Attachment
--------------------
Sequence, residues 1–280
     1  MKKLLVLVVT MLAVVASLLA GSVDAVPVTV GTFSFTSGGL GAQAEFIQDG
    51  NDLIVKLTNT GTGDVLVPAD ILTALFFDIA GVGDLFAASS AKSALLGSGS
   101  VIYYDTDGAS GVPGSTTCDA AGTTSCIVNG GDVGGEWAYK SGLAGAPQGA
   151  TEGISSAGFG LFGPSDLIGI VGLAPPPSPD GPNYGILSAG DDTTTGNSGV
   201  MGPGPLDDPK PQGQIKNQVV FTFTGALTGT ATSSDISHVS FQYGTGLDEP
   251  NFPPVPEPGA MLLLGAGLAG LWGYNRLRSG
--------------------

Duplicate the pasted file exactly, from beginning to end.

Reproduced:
Sequence, residues 1–280
     1  MKKLLVLVVT MLAVVASLLA GSVDAVPVTV GTFSFTSGGL GAQAEFIQDG
    51  NDLIVKLTNT GTGDVLVPAD ILTALFFDIA GVGDLFAASS AKSALLGSGS
   101  VIYYDTDGAS GVPGSTTCDA AGTTSCIVNG GDVGGEWAYK SGLAGAPQGA
   151  TEGISSAGFG LFGPSDLIGI VGLAPPPSPD GPNYGILSAG DDTTTGNSGV
   201  MGPGPLDDPK PQGQIKNQVV FTFTGALTGT ATSSDISHVS FQYGTGLDEP
   251  NFPPVPEPGA MLLLGAGLAG LWGYNRLRSG